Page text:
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Originally posted by PuterMan
reply to post by bkaust
yeah, I've read up about that one too, I was surprised when I first hear about it! you dont think 'volcano' when you hear Victoria!
I don't think volcano when I hear Australia, let alone Victoria! In fact today I have been enlightened.
So, when is it gonna blow then?
It was interesting that the theories which have been accepted so widely are based on so little fact and KNOWN conflicting information. I don't know how text books can outwardly state that the Pangea theory is how it all happened....and without so much as an explanation to why they came to that conclusion. I'm annoyed now.
Originally posted by JustMike
reply to post by SunDawg
Now here's a link to the same database and for the same mag range, but for the 20-year period from Nov 10, 1990 to Nov 9 2010:
Quakes mag 5-plus, past 20 years.
There were 31,486 in that time, which works out at 31,486/20 = 1574 per year.
So actually, the number of quakes of mag 5-plus in the past 12 months is a bit down on the longer-term average.
Originally posted by zenius
reply to post by bkaust
Apparently there was a tremor in Queensland in the last week. I missed that one. Anyone know where it was centred?
The resulting round-off error occasionally leads to differences of 0.1 in the estimates of moment magnitude released by different groups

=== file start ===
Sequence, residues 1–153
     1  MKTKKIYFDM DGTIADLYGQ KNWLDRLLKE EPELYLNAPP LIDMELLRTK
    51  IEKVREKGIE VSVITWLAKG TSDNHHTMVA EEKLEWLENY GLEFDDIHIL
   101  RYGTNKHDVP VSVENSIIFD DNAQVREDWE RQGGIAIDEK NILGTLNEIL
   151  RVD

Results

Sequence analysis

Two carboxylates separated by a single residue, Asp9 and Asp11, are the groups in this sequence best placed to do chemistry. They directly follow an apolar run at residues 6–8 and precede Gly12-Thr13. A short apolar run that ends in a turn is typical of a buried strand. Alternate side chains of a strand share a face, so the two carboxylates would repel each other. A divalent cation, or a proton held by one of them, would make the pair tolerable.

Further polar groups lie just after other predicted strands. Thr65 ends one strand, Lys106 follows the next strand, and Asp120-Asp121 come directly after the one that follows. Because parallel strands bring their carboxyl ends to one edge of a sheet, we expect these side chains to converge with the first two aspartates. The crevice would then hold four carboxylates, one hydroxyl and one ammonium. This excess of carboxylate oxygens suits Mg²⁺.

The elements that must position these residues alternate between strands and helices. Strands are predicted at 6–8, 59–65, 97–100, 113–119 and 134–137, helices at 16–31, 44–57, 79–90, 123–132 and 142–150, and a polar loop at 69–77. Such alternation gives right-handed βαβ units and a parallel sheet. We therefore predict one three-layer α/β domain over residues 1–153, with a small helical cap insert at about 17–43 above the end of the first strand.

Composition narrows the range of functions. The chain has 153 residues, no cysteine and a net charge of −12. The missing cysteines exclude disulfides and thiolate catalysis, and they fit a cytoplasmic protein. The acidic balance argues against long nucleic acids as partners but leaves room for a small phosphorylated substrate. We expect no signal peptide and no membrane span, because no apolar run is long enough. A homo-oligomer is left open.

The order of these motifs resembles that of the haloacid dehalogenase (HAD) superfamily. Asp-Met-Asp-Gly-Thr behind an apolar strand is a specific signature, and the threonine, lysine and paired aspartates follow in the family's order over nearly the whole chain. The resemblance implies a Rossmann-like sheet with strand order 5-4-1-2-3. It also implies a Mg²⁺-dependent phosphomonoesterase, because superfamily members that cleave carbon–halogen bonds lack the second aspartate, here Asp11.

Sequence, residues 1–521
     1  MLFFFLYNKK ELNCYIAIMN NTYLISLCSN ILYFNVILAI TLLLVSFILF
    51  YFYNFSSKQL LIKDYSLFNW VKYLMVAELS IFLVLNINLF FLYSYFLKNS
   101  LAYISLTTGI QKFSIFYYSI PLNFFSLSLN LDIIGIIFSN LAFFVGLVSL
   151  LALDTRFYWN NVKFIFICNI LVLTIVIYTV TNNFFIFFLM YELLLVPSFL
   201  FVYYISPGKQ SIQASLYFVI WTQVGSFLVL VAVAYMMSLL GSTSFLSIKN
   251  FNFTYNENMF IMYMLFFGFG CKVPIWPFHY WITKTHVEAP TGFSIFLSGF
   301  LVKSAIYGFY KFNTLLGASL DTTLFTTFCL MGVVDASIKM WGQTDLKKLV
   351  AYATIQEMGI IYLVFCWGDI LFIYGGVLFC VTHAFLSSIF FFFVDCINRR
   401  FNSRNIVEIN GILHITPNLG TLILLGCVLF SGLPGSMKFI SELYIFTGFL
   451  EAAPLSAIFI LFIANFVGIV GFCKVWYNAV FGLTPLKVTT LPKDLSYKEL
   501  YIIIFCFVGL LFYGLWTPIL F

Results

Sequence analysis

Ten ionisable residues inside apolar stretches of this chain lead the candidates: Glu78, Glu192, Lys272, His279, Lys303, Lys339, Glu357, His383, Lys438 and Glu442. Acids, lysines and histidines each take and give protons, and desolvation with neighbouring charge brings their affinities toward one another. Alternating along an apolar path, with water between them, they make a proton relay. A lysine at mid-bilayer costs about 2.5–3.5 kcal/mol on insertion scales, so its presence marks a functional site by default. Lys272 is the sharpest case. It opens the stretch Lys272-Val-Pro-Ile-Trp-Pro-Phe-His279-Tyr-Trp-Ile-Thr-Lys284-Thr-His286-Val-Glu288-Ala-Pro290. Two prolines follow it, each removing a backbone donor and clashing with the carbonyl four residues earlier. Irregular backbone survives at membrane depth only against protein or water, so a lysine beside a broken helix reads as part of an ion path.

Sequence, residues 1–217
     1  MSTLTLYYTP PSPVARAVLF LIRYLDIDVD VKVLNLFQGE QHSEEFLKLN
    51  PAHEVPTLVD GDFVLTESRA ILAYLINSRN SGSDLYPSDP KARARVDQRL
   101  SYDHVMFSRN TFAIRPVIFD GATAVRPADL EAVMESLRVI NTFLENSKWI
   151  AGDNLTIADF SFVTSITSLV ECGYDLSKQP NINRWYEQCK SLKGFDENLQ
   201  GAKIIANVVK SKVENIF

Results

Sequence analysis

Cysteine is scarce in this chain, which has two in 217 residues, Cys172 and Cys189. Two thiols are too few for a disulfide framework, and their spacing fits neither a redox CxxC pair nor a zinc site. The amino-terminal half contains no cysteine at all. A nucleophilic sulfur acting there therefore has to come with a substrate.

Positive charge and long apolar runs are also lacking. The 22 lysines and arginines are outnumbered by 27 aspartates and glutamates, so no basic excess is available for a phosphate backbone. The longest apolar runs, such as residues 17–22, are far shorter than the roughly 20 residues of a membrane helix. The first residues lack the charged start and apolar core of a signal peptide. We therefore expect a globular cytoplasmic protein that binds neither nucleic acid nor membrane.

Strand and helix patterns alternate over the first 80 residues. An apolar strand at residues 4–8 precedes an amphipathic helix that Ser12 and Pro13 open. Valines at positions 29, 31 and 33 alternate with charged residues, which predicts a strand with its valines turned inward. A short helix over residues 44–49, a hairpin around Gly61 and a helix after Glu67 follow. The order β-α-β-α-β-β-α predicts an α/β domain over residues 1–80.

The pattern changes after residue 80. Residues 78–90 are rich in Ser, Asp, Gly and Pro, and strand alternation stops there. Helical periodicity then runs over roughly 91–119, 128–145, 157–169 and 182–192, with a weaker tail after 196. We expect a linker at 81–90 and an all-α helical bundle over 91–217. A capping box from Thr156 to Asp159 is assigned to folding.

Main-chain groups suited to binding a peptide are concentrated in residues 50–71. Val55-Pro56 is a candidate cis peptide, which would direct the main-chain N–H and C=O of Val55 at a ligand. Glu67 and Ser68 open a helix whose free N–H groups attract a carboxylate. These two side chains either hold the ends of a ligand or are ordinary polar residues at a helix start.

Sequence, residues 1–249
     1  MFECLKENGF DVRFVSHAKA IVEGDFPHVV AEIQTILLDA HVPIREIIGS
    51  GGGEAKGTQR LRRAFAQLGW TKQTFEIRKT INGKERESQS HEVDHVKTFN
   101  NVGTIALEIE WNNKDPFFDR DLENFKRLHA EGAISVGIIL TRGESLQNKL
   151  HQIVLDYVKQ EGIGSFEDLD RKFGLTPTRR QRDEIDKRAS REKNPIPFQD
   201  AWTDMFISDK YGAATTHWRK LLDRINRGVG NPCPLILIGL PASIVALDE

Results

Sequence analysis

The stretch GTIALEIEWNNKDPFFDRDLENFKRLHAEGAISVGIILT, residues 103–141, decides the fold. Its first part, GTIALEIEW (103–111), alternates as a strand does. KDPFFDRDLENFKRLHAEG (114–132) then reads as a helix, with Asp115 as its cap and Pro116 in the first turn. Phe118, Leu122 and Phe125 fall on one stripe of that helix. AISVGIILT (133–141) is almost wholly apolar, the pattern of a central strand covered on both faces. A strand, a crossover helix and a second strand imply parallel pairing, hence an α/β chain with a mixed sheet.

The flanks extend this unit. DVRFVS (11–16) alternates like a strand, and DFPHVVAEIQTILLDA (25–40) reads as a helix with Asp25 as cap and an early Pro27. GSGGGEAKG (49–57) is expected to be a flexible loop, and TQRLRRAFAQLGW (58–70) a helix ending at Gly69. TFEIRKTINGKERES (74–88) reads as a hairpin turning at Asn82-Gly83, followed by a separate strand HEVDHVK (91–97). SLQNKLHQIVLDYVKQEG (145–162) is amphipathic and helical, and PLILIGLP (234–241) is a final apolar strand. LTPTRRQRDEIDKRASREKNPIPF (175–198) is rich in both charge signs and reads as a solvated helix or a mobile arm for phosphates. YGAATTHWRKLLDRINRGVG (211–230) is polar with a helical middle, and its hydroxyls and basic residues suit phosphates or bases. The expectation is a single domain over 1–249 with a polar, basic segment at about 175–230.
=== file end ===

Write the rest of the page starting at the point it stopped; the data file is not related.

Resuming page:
Worldwide earthquakes with M4.5+ located by USGS and Contributing Agencies.
(Earthquakes with M2.5+ within the United States and adjacent areas.)
We locate and report on all earthquakes world wide of magnitude 5.0 and larger in one hour or less if possible. We do not locate earthquakes smaller than 4.0 outside the US unless they have caused significant damage. Earthquakes this small very rarely cause any damage at all.
Earthquakes smaller than 5.0 down to magnitude 4.0 are located as we have time and if we have enough data to locate them, regardless of where in the world they occur. Earthquakes occurring outside the US and smaller
than about magnitude 4.5 are difficult for the USGS to locate if there is not enough data. Most of the time there is not. Most of the aftershocks still occurring from the large New Zealand earthquake are in the low 4.0+ magnitude
range and therefore difficult for us to locate without data.
The magnitudes posted by the New Zealand web sites may be higher than ours due to different sets and amounts of data. Even though the New Zealand website locates an earthquake and reports a magnitude larger than 4.5 does not mean we have enough data to locate it or compute the same magnitude. Nor does it mean that our data will indicate it is larger than 5.0. The scientists in New Zealand have access to 100's of more earthquakes stations there than we have access to and are therefore able to locate many more of the smaller earthquakes than we are able to. For aftershocks smaller than about 4.5 we must wait for data to be sent to us from New Zealand. Data is not sent to us in real time or even on a daily basis.
If we don't have the event located, then we did not get/see the felt reports. Anything under mag 5.0 and above 4.0 we locate only if we are able and if we have enough data to locate it. If our systems do not locate it automatically, then we won't know it happened until we get local data.
One of the analysts did check and this earthquake is in our system. It looks like the WEL data for it has come in but we did not locate it ourselves. The IDC location puts it at about 4.6 which is still probably a little high. Because of this magnitude and the fact we didn't locate it in the first place, it most likely won't get located until it is in review for the PDE.